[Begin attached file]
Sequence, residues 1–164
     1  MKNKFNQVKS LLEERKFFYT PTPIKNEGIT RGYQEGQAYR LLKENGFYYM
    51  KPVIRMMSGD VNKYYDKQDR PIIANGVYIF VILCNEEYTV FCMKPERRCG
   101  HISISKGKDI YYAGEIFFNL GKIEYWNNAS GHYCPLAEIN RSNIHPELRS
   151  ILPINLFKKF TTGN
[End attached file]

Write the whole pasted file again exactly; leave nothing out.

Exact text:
Sequence, residues 1–164
     1  MKNKFNQVKS LLEERKFFYT PTPIKNEGIT RGYQEGQAYR LLKENGFYYM
    51  KPVIRMMSGD VNKYYDKQDR PIIANGVYIF VILCNEEYTV FCMKPERRCG
   101  HISISKGKDI YYAGEIFFNL GKIEYWNNAS GHYCPLAEIN RSNIHPELRS
   151  ILPINLFKKF TTGN